And I was awake when the soldier pulled the blanket off Seranoush’s body and she screamed and he hit her across the face and pulled down his trousers” (135-1365). Vahan knew what was going to happen to Seranoush. He had tried to help her, but he got hurt too. He heard her cries while the soldier had raped her. Seranoush did not talk again after that horrific incident. Later, three more soldiers had come. He stated, “Three soldiers came to the stable that night, and the third soldier did not have to slap Seranoush or cover her face because she did not make a sound” (136).

Seranoush knew there was nothing she could do to stop the soldiers of their ugly mission, so she gave up, and did not fight back. Vahan then said, “And every night for seven nights, the soldiers took her outside and raped her. On the morning of the eighth day, I called softly to her, but she did not answer. I leaned close to her and touched her face. Two soldiers carried her body out of the stable” (136-137). Vahan had lost his friend not only to death, but in a horrific way. He had to witness and hear Seranoush’s cry every single time it happened to her. The soldiers had not only damaged Seranoush they had also damaged Vahan.

After Seranoush’s death, Selim Bey comes to talk to Vahan. Vahan confronts Selim Bey about Seranoush’s presence and what the soldiers had done to her. Selim Bey did not care. He simply stated, “Pick your friends carefully and protect them if you can, leave the rest to their fate” (138). Vahan had then realized at that moment that he could not always protect his loved ones. He needed to be careful who he became friends with, and who he trusted. Selim Bey obviously could not be trusted. Vahan was later sent to go stay at Selim Bey’s father’s home in Andreas. He eventually escaped there to join a Turkish village.

After one village member found out he was Armenian and witnessing another Armenian’s murder, Vahan left there too. He started a long journey to a town named Sivas. There he met a man named Ara Sarkisian. Ara helped him get into an orphanage run by a lady called Eugenia Fauld. Mrs. Fauld then found a possible home for Vahan with a Doctor and his wife. Dr. and Mrs. Tashian wanted a boy to help around the house with heavy lifting and household chores. Dr. Tashian had said he thought they needed a boy of an older age. Vahan’s response was, “Don’t look at my size, I can do any work you want me to do, and I can work as long as you want me to work.

I am very strong Dr. Tashian. I can harness a wagon and drive it into town and take care of your cow and your horses. I am fourteen years old, but I’m not a boy, and I’ve been through things harder than this, harder than any work you have for me” (200). Vahan had stood up for himself. As a result of saying what he thought was right, he was given the chance to live with Dr. and Mrs. Tashian. That next morning, Dr. Tashian and Vahan drove a wagon into town and bought supplies for the house. Vahan had refused Dr. Tashian’s offer for him to help Vahan carry wood and coal into the storage shed.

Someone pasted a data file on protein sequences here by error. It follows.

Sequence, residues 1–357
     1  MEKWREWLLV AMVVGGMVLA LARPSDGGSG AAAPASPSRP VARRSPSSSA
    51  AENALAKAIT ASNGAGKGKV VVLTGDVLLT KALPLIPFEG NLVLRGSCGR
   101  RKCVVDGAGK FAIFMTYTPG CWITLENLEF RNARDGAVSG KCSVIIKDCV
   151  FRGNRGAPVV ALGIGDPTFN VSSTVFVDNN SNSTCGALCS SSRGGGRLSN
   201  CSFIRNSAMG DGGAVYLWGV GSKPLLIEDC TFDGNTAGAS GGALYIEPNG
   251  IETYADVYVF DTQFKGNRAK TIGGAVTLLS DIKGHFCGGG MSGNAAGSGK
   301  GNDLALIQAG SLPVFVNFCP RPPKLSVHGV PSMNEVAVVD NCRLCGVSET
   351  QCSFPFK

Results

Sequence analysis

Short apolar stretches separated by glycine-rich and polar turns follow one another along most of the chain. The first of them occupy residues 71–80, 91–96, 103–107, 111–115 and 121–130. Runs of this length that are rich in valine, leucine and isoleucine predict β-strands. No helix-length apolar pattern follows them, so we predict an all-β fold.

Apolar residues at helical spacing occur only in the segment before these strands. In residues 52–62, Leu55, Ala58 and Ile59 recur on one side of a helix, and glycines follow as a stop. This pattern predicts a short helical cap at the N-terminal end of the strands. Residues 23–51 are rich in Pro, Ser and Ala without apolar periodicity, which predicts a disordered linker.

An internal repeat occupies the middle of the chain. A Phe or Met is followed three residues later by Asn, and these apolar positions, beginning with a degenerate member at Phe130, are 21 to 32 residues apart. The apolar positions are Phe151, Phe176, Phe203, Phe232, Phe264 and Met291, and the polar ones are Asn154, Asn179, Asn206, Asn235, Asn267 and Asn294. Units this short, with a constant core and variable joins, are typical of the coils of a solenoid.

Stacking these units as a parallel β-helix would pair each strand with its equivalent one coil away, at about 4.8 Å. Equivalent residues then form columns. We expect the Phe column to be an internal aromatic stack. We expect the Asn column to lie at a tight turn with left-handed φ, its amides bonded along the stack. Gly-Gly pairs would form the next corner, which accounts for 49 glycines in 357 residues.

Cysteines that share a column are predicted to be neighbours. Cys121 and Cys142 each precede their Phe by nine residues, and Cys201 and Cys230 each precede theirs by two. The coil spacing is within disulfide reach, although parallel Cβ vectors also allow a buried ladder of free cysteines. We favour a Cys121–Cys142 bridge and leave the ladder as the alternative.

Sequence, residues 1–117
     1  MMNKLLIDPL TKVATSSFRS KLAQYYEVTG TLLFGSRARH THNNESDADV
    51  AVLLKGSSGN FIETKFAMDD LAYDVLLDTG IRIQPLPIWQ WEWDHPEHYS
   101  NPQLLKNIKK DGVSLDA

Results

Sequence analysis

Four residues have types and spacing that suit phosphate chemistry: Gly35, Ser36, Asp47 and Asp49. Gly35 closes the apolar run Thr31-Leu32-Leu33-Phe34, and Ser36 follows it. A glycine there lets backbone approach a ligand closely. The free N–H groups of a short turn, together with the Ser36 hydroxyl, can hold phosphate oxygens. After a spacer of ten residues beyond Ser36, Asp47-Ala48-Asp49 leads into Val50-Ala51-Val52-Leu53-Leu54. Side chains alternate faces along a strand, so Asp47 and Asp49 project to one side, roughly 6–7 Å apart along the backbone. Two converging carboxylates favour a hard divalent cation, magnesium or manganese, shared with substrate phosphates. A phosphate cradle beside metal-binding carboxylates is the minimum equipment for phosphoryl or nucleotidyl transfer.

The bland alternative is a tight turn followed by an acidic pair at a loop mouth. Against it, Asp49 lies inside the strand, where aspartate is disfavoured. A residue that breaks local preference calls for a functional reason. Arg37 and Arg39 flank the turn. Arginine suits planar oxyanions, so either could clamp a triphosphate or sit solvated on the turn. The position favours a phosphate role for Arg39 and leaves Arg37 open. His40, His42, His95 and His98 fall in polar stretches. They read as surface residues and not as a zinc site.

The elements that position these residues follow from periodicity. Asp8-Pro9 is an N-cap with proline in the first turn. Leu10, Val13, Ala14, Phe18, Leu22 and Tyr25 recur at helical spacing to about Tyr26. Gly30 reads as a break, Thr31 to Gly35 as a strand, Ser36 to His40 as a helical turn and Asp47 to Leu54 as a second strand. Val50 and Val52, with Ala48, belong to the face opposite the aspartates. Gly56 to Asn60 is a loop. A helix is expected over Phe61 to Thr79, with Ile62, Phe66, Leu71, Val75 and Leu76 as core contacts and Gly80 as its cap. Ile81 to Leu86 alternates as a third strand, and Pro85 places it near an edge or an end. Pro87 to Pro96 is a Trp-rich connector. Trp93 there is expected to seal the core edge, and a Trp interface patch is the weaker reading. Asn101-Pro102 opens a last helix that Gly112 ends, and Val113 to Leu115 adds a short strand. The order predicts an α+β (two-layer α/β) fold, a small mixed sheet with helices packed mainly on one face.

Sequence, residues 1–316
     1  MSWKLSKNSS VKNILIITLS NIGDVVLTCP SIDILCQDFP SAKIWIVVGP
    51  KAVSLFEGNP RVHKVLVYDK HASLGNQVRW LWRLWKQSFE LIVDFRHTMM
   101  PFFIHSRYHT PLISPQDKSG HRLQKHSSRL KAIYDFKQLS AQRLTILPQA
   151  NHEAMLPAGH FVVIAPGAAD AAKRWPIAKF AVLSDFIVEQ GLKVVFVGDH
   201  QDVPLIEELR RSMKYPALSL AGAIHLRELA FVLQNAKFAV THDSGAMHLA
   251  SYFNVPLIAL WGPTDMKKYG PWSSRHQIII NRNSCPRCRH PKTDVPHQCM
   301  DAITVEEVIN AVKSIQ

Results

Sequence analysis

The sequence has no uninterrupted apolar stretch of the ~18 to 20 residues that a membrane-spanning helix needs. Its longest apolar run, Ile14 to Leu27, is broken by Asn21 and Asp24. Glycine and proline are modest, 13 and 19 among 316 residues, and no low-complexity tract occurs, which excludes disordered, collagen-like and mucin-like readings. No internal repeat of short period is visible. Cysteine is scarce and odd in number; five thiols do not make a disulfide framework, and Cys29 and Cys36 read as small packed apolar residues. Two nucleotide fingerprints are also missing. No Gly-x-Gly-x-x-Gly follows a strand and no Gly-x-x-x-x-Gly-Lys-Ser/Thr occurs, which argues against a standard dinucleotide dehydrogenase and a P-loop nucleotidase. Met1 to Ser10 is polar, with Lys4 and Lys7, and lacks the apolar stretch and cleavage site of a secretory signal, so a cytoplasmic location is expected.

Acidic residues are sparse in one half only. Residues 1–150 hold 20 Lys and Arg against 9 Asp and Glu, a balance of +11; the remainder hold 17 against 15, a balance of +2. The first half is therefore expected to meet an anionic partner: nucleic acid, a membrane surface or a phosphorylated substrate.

Vahan had wanted Dr. Tashian to see how strong and useful he could be. Later, Vahan had cleaned around the house. This included, cleaning the kitchen floor and shelves. Vahan stated then, “I watched my own servants do this kind of work for many years. At the time, I had thought that there would always be servants for me, and horses to ride, and huge rooms to play in, and crystal glasses to drink from. I had thought that servants were born servants and that they were different from me. Now I knew that they were no different at all” (201). Vahan had thought that if you were a servant you were always a servant.

You had been born a servant and that is all you would ever live up to be. Due to his way of thinking, he thought that if you were born one way you would always be that way. Through these events Vahan had learned to stand up for himself. He realized why his father had wanted him to be mature and self-reliant. He learned that your circumstances change throughout life, your destiny is not given to you when you are born. Nothing is guaranteed in life, anything can happen at any given moment. Vahan had gone through multiple life altering events throughout his life. Due to having gone through these events he had learned multiple lessons too.

The three most life changing events would be witnessing his brothers’ murders, meeting a girl named Seranoush, and having to fight for a place to stay and call home. As a result of going through these events, Vahan had learned to become more mature, found a strength that he never knew he had, and learned that he had to work to become who he wanted to be. Vahan had missed three years of schooling in the years of the genocide. By working hard and staying strong, Vahan was able to complete, in four months, the entire curriculum for the year. This book teaches the importance of believing in yourself, staying strong, and to never give up.

Cite this Forgotten Fire by Adam Bagdasarian

Forgotten Fire by Adam Bagdasarian. (2017, Jan 06). Retrieved from https://graduateway.com/forgotten-fire-by-adam-bagdasarian/